We first meet the matrons of this town in Chapter Two, which is when Hester is about to be led forth from the prison, holding her child, for the first time. As the narrator introduces these matrons to us, he describes them as possessing a "coarser fibre" both morally and physically in these women and they are described as having "broad shoulders and well-developed busts" and other signs of healthy outdoor living. However, perhaps one of the main descriptions the narrator gives us is in the speech of these women and how their speech differs from women of his own time of writing:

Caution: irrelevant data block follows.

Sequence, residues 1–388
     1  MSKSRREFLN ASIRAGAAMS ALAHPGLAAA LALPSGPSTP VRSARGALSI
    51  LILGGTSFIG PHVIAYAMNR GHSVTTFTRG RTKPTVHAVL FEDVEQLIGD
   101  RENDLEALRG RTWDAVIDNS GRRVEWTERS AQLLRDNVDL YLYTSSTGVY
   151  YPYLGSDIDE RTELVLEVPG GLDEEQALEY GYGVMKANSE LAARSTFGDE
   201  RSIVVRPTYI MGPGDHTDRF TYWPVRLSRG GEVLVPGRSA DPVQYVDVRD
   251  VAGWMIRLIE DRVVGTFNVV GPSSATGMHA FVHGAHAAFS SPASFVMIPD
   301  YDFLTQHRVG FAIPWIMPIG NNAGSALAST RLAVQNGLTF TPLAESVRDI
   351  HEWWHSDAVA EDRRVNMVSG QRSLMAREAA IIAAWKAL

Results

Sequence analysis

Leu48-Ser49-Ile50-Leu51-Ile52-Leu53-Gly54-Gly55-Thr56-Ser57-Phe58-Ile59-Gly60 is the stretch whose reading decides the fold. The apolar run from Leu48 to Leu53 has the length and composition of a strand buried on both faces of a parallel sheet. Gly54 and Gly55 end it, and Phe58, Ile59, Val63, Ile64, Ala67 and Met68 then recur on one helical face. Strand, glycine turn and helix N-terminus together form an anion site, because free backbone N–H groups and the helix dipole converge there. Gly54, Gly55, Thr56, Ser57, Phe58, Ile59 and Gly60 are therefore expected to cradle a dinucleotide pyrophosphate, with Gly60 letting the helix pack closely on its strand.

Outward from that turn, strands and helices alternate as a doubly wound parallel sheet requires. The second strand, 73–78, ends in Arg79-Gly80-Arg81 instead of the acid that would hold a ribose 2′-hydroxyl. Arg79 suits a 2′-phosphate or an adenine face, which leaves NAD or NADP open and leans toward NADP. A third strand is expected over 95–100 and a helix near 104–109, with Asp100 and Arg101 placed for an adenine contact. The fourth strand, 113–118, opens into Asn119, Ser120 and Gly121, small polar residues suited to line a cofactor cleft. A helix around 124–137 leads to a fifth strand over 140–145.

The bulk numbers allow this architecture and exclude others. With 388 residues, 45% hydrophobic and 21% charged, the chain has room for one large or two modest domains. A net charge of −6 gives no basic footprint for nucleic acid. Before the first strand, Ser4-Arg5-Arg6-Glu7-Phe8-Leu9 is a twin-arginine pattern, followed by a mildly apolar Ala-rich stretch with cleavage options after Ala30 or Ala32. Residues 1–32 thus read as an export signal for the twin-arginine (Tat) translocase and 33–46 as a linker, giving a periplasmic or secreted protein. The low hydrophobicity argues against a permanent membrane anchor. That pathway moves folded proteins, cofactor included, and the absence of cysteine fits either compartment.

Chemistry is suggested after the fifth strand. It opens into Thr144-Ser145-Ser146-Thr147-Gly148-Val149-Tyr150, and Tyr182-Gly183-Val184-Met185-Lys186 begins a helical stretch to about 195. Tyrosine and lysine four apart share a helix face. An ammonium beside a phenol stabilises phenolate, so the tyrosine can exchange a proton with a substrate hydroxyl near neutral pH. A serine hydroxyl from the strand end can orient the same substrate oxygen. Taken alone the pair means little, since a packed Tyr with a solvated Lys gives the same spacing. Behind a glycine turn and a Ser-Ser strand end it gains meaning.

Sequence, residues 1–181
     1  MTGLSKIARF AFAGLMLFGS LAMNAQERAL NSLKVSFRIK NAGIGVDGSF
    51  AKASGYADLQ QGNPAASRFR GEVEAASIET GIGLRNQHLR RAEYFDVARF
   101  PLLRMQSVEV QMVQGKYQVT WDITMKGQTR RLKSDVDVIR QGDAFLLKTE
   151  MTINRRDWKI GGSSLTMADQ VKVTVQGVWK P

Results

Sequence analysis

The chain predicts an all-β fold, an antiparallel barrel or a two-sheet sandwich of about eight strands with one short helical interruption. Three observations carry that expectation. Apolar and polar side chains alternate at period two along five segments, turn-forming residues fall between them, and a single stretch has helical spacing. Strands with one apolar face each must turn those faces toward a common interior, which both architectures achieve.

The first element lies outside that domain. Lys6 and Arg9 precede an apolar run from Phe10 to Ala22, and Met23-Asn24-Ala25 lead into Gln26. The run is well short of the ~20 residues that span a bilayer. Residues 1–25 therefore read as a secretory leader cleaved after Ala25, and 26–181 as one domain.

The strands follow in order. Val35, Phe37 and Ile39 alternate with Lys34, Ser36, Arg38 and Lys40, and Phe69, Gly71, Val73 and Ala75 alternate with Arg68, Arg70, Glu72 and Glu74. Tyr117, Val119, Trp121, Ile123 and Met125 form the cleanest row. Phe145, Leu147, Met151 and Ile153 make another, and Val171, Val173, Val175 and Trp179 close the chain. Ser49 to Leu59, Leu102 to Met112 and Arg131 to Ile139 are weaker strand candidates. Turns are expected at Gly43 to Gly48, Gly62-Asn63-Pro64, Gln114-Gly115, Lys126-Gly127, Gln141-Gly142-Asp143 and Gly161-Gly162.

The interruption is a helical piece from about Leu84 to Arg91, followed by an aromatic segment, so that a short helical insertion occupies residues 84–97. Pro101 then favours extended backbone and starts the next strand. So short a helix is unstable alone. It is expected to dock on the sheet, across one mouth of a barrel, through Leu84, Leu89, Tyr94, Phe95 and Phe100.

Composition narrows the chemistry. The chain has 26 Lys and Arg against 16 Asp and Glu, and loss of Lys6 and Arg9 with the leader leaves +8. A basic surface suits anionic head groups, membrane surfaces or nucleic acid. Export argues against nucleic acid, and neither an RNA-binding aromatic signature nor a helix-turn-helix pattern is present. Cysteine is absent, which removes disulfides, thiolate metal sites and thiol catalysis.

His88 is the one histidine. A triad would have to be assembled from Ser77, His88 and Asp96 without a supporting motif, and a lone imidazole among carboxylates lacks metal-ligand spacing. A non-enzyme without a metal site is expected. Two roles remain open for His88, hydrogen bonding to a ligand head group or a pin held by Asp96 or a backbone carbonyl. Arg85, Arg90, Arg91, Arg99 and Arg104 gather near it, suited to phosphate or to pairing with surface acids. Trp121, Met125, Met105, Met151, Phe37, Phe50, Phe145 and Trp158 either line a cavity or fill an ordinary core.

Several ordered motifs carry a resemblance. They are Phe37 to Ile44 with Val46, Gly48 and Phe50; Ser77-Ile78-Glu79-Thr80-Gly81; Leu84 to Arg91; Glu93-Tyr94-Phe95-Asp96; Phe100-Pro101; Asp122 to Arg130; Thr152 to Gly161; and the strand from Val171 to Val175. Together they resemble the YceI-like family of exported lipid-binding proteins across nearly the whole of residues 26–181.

There was, moreover, a boldness and rotundity of speech among these matrons, as most of them seemed to be, that would startle us at the present day, whether in respect to its purport or its volume of tone.
The women are therefore different in the kind of matters that they are happy to speak about, and indeed this is shown by the eager way in which they discuss Hester Prynne's punishment and fate, and how they would have dealt with the matter.